For those who want to retire early, Ms. Andersen explores alternatives such as working part-time in a lower-stress job to keep covering expenses for a few years before starting to draw on retirement savings. She sees it as her job to present options and then let clients make well-informed choices.

“I always tell my clients, ‘I’m the [chief financial officer] and you’re the [chief executive officer].’ I give you all the information. You make all the decisions,” she says.

Janine Purves, senior financial advisor at Assante Capital Management Ltd. in Richmond Hill, Ont., says there’s “definitely” more chatter about quitting among her working clients and among her retired clients’ adult children.

Much like Ms. Andersen, she explores the reasons underlying her clients’ desire to leave a job and encourages them to think about what they want beyond the immediate change.

She often discovers that clients aren’t making realistic assumptions, especially if their plan is to take a job with a lower salary or start up a business. They may believe they can withstand a dip in income because they haven’t been spending as much over the past year while places where they usually spent money were closed. However, she asks them what they will still be willing to give up as life gets closer to normal.

Similarly, clients who are hoping to retire early may assume they can live on a lot less when they stop working. But while some expenses may diminish post-retirement, she reminds them that they will suddenly have eight extra hours a day to fill with activities that may cost money. They will also have many more weeks available for potentially expensive holidays. Ms. Purves adds that people often overestimate how much their habits will change in retirement.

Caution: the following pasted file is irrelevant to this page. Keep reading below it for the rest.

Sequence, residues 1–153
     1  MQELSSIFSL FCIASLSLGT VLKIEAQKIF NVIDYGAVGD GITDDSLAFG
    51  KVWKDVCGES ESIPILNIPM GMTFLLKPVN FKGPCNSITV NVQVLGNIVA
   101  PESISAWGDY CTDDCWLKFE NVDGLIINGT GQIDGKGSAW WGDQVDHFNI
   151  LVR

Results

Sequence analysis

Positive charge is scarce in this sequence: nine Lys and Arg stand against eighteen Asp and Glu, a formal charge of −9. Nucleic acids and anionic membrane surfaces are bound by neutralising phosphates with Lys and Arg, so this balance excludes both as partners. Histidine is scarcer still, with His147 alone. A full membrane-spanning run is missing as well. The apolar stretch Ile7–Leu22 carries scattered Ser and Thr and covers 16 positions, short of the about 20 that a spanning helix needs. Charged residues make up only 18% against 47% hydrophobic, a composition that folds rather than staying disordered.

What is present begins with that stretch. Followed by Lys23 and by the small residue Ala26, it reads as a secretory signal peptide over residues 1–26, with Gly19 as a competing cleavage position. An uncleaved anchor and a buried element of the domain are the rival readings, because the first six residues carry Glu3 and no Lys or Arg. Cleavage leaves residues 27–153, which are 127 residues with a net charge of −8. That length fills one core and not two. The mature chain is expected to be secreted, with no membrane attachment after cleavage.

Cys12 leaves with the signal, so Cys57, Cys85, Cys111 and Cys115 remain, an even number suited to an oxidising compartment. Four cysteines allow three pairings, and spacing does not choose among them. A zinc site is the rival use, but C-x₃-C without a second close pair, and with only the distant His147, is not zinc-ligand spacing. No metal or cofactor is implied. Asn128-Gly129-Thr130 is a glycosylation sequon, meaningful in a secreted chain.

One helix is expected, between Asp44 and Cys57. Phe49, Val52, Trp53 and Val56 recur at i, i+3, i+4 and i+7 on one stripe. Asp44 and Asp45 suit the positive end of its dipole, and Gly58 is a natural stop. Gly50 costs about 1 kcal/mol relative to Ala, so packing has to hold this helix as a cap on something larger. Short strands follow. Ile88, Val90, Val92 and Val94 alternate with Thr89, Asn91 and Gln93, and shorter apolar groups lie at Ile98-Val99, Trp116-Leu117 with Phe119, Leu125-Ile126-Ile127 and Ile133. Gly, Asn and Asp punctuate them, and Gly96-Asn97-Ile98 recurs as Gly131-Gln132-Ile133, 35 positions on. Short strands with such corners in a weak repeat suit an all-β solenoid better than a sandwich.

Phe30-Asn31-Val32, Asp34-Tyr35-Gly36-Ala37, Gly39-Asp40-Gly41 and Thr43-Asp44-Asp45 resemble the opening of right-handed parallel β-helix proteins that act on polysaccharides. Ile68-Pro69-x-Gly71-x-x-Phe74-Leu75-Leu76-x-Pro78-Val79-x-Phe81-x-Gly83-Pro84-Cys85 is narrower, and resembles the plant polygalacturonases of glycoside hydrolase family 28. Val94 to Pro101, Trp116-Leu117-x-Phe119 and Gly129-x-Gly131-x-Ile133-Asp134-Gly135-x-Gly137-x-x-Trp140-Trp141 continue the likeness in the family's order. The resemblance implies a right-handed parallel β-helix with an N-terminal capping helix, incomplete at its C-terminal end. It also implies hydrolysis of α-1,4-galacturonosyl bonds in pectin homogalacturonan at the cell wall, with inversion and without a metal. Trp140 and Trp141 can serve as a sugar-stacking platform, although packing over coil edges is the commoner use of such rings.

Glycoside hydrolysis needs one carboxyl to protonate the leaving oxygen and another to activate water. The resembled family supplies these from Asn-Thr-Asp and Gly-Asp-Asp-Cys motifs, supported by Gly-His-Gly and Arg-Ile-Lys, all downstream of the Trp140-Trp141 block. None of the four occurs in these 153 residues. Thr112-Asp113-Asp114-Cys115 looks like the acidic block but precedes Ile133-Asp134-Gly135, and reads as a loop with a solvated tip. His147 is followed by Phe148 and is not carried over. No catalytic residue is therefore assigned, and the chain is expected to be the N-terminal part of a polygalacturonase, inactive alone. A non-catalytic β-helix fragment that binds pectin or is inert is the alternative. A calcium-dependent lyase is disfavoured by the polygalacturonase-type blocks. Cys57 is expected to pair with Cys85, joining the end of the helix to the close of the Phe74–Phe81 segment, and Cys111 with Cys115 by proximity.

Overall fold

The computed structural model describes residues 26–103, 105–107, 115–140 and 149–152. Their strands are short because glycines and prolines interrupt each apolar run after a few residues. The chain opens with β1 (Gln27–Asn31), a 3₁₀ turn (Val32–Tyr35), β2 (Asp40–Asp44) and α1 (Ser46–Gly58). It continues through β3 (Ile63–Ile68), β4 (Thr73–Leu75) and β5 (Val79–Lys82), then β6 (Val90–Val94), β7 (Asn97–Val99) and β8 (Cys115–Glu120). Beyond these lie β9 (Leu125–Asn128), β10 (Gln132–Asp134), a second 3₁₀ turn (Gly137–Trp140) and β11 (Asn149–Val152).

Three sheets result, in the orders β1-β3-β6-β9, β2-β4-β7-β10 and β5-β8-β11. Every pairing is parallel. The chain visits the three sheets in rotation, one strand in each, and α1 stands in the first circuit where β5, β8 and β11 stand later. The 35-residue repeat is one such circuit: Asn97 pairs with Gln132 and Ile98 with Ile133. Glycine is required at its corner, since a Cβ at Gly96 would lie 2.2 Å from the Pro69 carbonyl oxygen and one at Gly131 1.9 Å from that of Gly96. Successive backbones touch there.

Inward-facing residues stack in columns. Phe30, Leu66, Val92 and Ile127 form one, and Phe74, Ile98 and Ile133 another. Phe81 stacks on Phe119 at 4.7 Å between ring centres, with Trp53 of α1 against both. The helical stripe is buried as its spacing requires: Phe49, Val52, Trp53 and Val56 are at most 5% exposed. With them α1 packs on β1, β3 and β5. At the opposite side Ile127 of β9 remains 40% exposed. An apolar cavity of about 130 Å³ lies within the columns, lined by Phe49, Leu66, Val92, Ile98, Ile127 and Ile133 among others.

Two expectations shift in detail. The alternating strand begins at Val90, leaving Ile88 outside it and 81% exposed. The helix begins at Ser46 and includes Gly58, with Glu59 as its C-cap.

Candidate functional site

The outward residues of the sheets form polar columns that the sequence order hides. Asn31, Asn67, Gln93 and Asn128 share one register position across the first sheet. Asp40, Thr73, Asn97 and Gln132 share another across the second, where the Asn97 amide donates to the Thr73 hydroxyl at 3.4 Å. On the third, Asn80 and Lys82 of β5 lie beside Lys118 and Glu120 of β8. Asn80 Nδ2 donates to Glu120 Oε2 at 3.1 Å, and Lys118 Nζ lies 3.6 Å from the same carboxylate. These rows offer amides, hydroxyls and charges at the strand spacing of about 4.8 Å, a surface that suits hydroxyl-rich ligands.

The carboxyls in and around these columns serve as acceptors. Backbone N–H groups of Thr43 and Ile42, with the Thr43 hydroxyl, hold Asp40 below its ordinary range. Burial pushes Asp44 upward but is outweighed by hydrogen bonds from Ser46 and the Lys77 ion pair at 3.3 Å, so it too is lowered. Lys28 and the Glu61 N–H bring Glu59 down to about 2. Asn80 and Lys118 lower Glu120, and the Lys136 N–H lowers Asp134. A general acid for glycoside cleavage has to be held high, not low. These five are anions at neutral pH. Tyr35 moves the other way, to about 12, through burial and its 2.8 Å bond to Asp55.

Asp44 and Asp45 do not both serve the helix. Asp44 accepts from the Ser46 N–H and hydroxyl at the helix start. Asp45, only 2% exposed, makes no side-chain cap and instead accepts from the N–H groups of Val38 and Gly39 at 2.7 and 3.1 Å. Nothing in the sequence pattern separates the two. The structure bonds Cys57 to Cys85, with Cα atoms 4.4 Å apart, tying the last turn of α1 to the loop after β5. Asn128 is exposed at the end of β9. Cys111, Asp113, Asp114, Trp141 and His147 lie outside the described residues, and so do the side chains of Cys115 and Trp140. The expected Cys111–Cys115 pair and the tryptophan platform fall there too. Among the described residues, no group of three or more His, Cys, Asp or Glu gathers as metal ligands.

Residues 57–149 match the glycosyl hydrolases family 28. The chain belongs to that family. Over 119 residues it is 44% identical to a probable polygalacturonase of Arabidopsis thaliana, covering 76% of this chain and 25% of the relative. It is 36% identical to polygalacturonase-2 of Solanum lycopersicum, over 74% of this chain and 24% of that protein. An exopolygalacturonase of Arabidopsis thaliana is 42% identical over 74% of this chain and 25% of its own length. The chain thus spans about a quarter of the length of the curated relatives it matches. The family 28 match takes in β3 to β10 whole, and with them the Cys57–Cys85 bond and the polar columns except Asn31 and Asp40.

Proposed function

“By the time you retire, your habits are pretty ingrained, so if you’re not a cook and you love to go out for dinner, you’re still going to love to go out for dinner,” she tells clients. “Let’s think about what you picture as your day in retirement, and then let’s go back and see what that might actually cost you … It’s not always less.”

Whether clients are changing jobs or retiring, Ms. Purves says it’s important to ask whether it’s possible to continue benefits coverage through their current provider.

“If you don’t take advantage of that right away, sometimes you might not get that coverage because you have pre-existing conditions and they’ll be exempt. It’s a small thing but it can really matter,” she says.

Ms. Purves says it’s also critical to run a worst-case scenario so clients know there’s a plan to manage bumps in the road.

“Having a few specific cash-flow strategies is so critical for people, from a psychological and a financial standpoint, to get through some of those challenges,” she says.

In the end, clients’ life shifts – including leaving their jobs – can be an opportunity for advisors to deepen relationships, Ms. Purves says.

“If somebody can help you walk through that by asking all the questions, because you’re not thinking of every angle, that’s half the battle [to] enhance that success rate so that in 12 months or 36 months, [you can say] ‘That was the best move I ever made – but if I hadn’t thought of this ahead of time, it might have been a lot harder than it was.’”